During times of crisis, how do you manage your finances? How do you maintain your savings habits? Paying down debt remains the top financial priority for Canadians. In 2021, the mortgage debt ratio reached a record high of $34.9 billion as the real estate market boomed. For Canadian households, debt as a share of disposable income increased from 170.8% to 175.0%,
On a broader scale, $378 billion in federal public debt is the result of the pandemic’s financial impact.
Tax season is upon us. While the Canadian government has been very generous in providing assistance and financial support to limit household debt, some may have to pay it back.
This year has probably been a pivotal year for your personal finances. A CIBC study shows that paying down debt remains the top priority in 2021.
In this climate of uncertainty, it's good to make wise choices today to keep your family financially safe tomorrow.
We don't know what life will throw at us. Good budgeting and a personal financial plan are essential to being prepared for the unexpected.
So, here are our three tips for setting up saving habits and sticking to them for good.
Write down all sources of your income:
- Government benefits and assistance,
- Rental income,
- Investment income.
Next, track your expenses to have a realistic idea of what you can reduce: often, it will be food-related and other small daily expenses (drinks and take-out meals, subscriptions that you no longer use).
You can organize this with a simple excel sheet with two columns or, if you prefer, just write everything down on a sheet and keep it on the fridge or somewhere where you won’t lose track of it. No need to complicate things!
Try to spread your payments over several months. When you have a significant one-time expense, your subconscious suggests that you can afford another considerable expense next month. By staggering payments, you remove the temptation.
Create this document for yourself for the next six months. Think of it as a roadmap, a budget planner to help you, not lock you in.
Have you paid off a car or other large purchase like a TV or piece of furniture in the past? Do you remember the feeling of finally being done with payments? You did that through a habit of slowly paying down your debt. Now, transform this payment habit into a savings habit. After all, you've already learned to live on less as you managed that debt. So now, put the money from that expense into your savings account.
The past year was a wake-up call on making financial changes since we were all forced to live a little differently. You can continue to adopt these different spending and saving habits that we’ve grown accustomed to due to the COVID-19 pandemic into 2021 and onward.
- Cooking at home instead of eating out.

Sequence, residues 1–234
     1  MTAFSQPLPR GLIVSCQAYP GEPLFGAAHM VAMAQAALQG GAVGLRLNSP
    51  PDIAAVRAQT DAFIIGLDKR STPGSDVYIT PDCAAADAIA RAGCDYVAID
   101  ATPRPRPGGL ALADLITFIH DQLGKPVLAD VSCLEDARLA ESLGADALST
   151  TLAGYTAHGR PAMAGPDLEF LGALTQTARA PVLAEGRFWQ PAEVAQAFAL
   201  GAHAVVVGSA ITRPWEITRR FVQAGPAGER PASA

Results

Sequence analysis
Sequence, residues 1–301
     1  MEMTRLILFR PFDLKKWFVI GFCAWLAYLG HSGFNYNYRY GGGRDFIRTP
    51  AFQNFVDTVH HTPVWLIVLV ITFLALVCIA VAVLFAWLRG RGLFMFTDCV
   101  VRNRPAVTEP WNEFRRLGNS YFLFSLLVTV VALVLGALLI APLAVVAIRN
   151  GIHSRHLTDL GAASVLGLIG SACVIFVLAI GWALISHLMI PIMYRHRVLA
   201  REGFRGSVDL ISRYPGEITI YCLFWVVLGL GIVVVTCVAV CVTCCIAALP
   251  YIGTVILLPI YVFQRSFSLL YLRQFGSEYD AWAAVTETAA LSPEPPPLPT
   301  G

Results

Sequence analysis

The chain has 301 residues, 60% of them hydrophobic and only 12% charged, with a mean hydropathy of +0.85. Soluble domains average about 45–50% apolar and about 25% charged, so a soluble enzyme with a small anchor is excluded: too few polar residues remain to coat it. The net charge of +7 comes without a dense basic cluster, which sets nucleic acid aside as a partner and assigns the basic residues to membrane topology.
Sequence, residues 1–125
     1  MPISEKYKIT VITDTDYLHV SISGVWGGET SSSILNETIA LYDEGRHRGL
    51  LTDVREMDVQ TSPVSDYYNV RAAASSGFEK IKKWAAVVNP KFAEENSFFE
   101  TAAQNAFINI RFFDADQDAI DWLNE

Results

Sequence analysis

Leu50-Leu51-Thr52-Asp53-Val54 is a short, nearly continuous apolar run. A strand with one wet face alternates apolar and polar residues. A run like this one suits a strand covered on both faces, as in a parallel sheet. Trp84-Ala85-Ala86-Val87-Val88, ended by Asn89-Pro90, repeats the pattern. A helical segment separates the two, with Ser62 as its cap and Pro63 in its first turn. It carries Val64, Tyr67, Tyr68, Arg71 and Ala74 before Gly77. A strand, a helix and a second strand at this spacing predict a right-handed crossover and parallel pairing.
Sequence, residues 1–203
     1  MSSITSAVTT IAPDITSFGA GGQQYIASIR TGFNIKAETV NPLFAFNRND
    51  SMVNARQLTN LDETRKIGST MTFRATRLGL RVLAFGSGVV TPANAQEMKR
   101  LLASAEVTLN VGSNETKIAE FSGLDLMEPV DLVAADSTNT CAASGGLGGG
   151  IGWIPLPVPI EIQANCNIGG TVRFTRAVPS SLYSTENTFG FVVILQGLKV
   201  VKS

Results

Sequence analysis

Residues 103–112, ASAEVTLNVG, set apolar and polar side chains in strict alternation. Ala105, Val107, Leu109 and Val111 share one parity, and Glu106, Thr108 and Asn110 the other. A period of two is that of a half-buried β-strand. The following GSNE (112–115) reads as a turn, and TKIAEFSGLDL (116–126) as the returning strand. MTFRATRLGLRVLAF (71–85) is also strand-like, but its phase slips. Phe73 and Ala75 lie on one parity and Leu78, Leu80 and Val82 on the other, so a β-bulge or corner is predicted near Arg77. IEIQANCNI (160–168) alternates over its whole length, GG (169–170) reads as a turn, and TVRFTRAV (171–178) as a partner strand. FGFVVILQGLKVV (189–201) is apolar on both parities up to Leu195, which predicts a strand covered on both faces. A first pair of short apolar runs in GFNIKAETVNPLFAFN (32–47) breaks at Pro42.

- Reduce the number of expensive outings and look for cheaper options.
- Choose second-hand objects and accessories (clothing, furniture, etc.)
- Take the bike instead of public transportation.
- Put your bonuses and salary increases and tax returns on a side-by-side basis.
- Look at coupons and discounts available for food.
Also, during the pandemic, you may have had to find ways to generate extra cash: whether it was by reselling certain items or taking a second job. Why not hang on to this habit? Having an extra source of income is money you can use to live better, take care of your family or invest in life insurance protection.
Life presents challenges every day. Focus on your financial goals and stay open to the idea that misfortune can happen quickly.
A good way to stay ahead of any pitfalls is to automate your savings. Start with 10% of your income automatically transferred from your salary to a saving account. This is the basis of all personal budgeting, and the easiest way to make saving more of a habit. This small, painless gesture will make your life much easier in a few years.
In case of unexpected expenses, dip into your emergency fund or try to spread out the payments.
But in the end, a solid savings plan may not be enough to take care of the people who matter most if something happens to you. The people who do best in life financially are those who are honest with themselves. So be honest: if you died tomorrow, would your family be safe? Would they be able to keep the house? Would your children's education be paid for? In 2017, a study by the Payroll Association found that 47% of Canadian workers live paycheque to paycheque without an emergency fund or savings. 32% report that they are struggling to pay their mortgage. What about you? Where would your family be if something terrible were to happen to you?
Maybe the pandemic has helped you financially or, on the contrary, proved that you need to keep a tighter rein on your budget. You have undoubtedly become aware of the precariousness of life itself. But if you are sincere, you know deep down that a plan B is always better. That's why we offer affordable plans for everyone that will make a difference in the event of a problem.
If you are interested in seeing your term life insurance options, please feel free to complete our short free quote form. That will get you connected with a helpful advisor who will be more than happy to help you find a plan that suits your lifestyle.
Written by Diane Taes